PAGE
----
This question arose from my comment yesterday that I’d like to dine with Shakespeare, and it’s a question that’s comes up occasionally in magazines and on the Internet. But I’d like to see what readers think, and of course that means that I have to give my own answers to prime the pump.
First, the question:
If you could have dinner with three people, but it would take the form of three dinners several days apart, with only ONE guest per dinner, who would you choose (and why would you choose them?)
I’ve avoided having three or more people at a single meal, for that would not only be confusing, but prevent you from having a good chat with any one of them. Another stipulation: you have to be able to speak the language or one of the languages of your subject. No translators allowed!
If you want to name up to five people (still only one per meal), be my guest, and pardon the pun.
My choices, which are not very creative (and I haven’t pondered them for long), but still . . . .
a. Charles Darwin. I’d simply want to see the man and hear his voice, but also ask him some questions (about that letter from Wallace, for instance) as well as filling him in on what’s new on evolution. (See my OUP “letter to Darwin” for an idea of what I’d like to tell him.)
b. William Shakespeare. This would be to clear up a number of questions that scholars have about the man, and before dining with him I’d have to do extensive preparations, like reading some of his famous plays that I’ve never read, and, most important, consulting with scholars to see what they’d like to know. This dinner would be more for the sake of literary history than my own personal enjoyment. I’d also be worried about being able to understand his Elizabethan accent!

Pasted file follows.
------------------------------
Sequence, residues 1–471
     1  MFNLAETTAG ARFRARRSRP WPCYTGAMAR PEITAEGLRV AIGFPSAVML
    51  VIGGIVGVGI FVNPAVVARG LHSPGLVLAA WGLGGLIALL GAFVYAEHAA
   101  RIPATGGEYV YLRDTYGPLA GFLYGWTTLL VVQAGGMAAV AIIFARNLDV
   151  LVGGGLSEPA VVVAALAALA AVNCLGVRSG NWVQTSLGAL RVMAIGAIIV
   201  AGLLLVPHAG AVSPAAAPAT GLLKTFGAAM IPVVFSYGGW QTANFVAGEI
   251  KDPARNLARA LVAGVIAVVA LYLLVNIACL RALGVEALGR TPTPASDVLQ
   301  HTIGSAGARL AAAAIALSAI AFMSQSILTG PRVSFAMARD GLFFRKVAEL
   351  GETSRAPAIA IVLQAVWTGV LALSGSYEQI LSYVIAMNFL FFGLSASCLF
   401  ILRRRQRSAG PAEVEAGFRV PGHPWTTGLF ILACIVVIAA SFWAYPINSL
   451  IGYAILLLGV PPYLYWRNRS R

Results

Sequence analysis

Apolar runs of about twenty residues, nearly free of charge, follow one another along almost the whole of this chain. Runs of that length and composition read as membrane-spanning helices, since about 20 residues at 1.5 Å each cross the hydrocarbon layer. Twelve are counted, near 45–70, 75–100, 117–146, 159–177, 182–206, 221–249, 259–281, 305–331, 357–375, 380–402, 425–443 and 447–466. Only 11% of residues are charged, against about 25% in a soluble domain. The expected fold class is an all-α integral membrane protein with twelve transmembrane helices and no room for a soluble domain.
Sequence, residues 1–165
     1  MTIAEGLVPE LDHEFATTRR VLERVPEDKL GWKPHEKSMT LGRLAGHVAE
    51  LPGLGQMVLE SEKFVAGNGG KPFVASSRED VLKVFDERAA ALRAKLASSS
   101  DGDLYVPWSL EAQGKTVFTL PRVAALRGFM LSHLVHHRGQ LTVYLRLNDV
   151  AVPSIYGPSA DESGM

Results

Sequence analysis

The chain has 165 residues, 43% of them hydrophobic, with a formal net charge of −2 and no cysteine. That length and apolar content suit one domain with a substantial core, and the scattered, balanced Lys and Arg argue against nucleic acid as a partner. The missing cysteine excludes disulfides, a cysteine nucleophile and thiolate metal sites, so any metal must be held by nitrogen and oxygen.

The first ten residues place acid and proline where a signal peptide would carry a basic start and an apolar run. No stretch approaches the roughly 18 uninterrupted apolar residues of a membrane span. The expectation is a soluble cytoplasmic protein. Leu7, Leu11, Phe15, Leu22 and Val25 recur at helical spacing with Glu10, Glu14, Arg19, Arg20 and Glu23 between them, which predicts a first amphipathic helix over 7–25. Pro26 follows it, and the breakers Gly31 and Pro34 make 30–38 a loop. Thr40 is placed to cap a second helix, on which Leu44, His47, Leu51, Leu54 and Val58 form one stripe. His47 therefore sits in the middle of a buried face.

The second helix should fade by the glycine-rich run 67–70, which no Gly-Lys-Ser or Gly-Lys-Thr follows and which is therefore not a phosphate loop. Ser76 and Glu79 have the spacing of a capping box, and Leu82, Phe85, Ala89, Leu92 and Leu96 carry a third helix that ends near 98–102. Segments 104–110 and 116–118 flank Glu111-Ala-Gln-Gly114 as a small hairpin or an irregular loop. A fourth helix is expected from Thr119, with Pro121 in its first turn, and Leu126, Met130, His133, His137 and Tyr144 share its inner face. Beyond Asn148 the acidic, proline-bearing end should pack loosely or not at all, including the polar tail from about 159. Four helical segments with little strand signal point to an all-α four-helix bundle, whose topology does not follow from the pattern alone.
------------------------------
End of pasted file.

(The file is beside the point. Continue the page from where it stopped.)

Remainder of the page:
c. George Orwell (Eric Blair). This was a tossup between Orwell and James Joyce, but in the end I decided that since I hadn’t read Finnegan’s Wake—and couldn’t understand it if I did—I might not have much to say to Joyce. Further, I imagine Orwell would be much more genial and less arrogant than Joyce, though that’s just a speculation. I’d like to have a nice English meal and knock back a few pints with Orwell, and get his take on the current political situation, not only in the world but also about Regressive Leftism.
Since I’ve thought about these answers only in the 15 minutes it took to write this post, I’m sure that I’m missing someone that I’d want to talk to (Isak Dinisen [Karen Blixen] is one woman I’d like to meet, and then there’s Samuel Johnson, Oscar Wilde and other great conversationalists).
So, as an oyster shucker in the Acme Oyster Bar in New Orleans once told me after presenting me with a dozen freshly-shucked bivalves, and was angling for his tip: “Here’s yours. Where’s mine?”